Archives For Church history

On March 4, 2014

Ash Wednesday: Love Weeps

“I went back to church thinking it would be like an epidural, taking the pain away. But I realized that church is more like a midwife, standing next to me saying push…it’s supposed to hurt a little bit.” -Brene Brown

“Love is not a victory march, it’s a cold and broken Hallelujah” -Leonard Cohen

Man of Sorrows Stained Glass

Ash Wednesday is tomorrow, and I know for some of the readers of this blog, this may sound like a day that is just for Catholics.

But Ash Wednesday was going on long before Protestants and Catholics ever split. It’s an annual reminder that Christians have observed  for over a thousand years, where we remember that from dust we came and to dust we will return.

It is profoundly ancient, biblical, and Christ-like.

Man of Sorrows

If you were just to pick up one of the Gospels and read it for the first time, one the of the more interesting things about that would stand out to you was how much Jesus talks about death, in particular how much he talks about his own death, what He thinks it will accomplish, and how intentional He was about not shying away from it.

And then you would probably notice that Jesus cried a lot.

Which is not something most of us are good at.

In Tim Keller’s recent book, “Walking with God through Pain and Suffering” he talks about how uncomfortable most Western people are with suffering.  At one point in his book he referred to an interview the BBC had with Robert Spitzer a few years ago. Spitzer was one of the main psychologists who worked on classifying all the various mental illness and how they should be treated.

25 years later, Spitzer admitted that, in hindsight, he believed they had wrongly labeled many normal human experiences of grief, sorrow, and anxiety as mental disorders. When the interviewer asked: “So you have effectively medicalized much ordinary human sadness?” Spitzer said, “Yes, I think so, to some extent…”

In other words, what used to be just the natural response to the valleys of life has now become a disorder. We used to cry and now there’s a pill for that.*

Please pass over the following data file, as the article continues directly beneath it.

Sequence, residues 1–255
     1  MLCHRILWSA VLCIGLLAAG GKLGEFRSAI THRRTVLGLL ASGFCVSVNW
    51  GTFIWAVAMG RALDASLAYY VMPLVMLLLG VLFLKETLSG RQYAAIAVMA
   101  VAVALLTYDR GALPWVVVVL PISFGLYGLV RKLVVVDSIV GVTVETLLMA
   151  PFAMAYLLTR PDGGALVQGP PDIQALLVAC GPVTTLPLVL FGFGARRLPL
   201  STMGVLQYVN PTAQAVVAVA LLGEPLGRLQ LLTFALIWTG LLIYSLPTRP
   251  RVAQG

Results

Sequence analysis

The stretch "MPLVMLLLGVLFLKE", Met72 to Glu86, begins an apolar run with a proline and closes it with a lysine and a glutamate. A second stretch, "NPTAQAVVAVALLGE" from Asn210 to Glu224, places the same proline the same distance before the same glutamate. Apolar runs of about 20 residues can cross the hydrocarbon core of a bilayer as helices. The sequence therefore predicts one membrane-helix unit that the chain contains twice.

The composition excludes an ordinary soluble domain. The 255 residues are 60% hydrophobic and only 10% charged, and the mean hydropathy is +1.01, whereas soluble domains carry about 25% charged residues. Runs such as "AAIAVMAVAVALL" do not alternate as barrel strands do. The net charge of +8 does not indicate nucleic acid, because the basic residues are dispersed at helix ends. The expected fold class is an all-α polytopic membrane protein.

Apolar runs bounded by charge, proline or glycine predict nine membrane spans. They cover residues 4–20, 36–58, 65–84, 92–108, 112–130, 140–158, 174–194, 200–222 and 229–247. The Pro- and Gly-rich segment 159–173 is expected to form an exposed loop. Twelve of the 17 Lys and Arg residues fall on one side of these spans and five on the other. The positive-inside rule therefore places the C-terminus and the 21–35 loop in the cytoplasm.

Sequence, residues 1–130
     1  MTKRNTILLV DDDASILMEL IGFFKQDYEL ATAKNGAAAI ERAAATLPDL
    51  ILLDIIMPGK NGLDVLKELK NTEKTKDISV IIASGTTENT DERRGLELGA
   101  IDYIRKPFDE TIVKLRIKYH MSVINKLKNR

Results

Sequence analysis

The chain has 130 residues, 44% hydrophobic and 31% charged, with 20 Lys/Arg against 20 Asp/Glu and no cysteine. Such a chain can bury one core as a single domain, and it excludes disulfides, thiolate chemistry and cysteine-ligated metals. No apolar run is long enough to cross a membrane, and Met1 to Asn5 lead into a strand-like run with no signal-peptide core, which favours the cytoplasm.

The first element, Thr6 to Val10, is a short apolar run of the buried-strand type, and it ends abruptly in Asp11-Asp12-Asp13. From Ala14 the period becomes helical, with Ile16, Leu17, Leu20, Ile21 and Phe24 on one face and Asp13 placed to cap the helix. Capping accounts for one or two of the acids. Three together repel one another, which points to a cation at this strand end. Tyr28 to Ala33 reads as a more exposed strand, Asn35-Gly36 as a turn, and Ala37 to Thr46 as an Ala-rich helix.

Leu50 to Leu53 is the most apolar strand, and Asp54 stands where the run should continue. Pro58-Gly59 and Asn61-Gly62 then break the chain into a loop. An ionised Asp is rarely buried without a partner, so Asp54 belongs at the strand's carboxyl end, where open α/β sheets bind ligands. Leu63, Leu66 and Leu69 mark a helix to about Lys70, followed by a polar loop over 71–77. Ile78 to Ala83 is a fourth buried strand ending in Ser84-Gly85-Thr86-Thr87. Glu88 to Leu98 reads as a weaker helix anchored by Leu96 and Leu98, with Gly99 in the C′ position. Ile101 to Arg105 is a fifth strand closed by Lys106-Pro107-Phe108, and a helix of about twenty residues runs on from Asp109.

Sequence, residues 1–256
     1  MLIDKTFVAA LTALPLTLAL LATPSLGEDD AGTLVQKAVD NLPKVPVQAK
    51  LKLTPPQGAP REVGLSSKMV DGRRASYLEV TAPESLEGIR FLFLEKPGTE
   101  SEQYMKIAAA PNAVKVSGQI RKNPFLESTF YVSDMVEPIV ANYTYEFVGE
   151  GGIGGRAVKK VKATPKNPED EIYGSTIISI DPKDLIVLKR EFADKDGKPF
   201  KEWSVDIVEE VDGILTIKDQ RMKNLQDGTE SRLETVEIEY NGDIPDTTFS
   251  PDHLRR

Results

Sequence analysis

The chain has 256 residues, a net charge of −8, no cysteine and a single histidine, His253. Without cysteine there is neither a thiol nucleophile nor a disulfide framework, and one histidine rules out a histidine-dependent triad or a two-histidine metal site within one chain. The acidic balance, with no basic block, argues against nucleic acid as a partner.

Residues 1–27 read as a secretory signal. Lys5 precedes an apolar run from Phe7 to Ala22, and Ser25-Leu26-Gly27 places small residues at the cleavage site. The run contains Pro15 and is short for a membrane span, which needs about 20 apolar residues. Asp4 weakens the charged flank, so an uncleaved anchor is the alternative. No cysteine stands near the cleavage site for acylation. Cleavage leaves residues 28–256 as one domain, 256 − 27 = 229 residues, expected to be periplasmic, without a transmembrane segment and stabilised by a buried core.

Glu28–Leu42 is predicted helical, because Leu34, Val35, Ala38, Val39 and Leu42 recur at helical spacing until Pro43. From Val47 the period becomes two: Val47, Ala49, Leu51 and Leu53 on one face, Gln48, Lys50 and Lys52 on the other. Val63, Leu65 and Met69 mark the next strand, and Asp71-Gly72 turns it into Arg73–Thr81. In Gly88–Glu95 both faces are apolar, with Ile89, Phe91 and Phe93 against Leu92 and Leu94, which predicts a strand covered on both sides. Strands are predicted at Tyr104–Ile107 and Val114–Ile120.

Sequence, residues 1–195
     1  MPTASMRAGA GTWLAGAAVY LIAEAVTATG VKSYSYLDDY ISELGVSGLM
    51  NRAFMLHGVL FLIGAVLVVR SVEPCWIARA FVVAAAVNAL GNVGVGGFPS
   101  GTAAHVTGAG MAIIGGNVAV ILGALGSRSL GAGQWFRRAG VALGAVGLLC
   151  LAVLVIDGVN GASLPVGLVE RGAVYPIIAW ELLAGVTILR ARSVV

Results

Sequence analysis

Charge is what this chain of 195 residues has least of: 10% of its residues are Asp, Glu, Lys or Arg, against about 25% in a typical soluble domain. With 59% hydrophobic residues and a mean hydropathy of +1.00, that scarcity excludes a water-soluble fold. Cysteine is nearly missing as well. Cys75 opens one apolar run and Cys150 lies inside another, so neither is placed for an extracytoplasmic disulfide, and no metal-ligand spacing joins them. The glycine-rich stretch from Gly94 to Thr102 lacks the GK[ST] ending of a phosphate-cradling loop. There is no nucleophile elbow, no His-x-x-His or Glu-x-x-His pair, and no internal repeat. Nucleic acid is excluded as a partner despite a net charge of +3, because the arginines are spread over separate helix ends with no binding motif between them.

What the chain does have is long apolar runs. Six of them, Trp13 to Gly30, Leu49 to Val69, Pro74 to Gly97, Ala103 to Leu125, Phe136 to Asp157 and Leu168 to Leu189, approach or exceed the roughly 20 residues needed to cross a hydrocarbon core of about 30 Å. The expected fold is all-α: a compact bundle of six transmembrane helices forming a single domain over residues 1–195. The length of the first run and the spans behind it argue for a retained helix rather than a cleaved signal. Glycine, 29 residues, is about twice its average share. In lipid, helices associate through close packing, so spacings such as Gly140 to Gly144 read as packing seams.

It seems like our world has two different options for suffering, either to medicate it or to marginalize it.

And that’s all well and good, unless you are a Jesus follower. Because Jesus dealt with death and suffering much differently than that. Jesus, the Resurrection and the life, wept when he saw a friend die, a friend who he was about to raise from the dead! He wept over Jerusalem, even though He knew there would one day be a New Jerusalem.

Blood on the Floor

So this video is from Brene Brown (famous for her TED talk on vulnerability). In a world where everyone seems to be walking away from church, Brown a secular sociologist talks about her journey back toward faith.

But why she came back may surprise you. She says that she had always thought church was a way of avoiding suffering, but as she reentered the Christian faith she was surprised to find Jesus weeping.

When Brene Brown found herself back at church she said she knew that God was love, but she discovered that it wasn’t just that God is love, but that God defines love as well.  In reality, love is complicated and difficult and sacrificial. In reality, love bleeds, and love weeps.

In order for forgiveness to happen, something has to die. Like our expectations of how life should turn out, or how others should have treated us.

If we got to define love it would be all about puppies and unicorns, but in reality love is complicated and difficult and sacrificial. At one point in the video Brown talks about something her new minister said that I think is fascinating. He  said, “In faith communities where forgiveness is easy and love is easy, there’s not enough blood on the floor to make sense of it.”

What an interesting way to say that.